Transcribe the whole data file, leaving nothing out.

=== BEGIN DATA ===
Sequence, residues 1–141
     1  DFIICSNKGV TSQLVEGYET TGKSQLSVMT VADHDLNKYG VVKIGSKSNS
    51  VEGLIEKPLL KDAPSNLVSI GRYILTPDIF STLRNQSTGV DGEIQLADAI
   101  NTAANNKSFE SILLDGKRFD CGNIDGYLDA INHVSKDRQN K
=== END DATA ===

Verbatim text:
Sequence, residues 1–141
     1  DFIICSNKGV TSQLVEGYET TGKSQLSVMT VADHDLNKYG VVKIGSKSNS
    51  VEGLIEKPLL KDAPSNLVSI GRYILTPDIF STLRNQSTGV DGEIQLADAI
   101  NTAANNKSFE SILLDGKRFD CGNIDGYLDA INHVSKDRQN K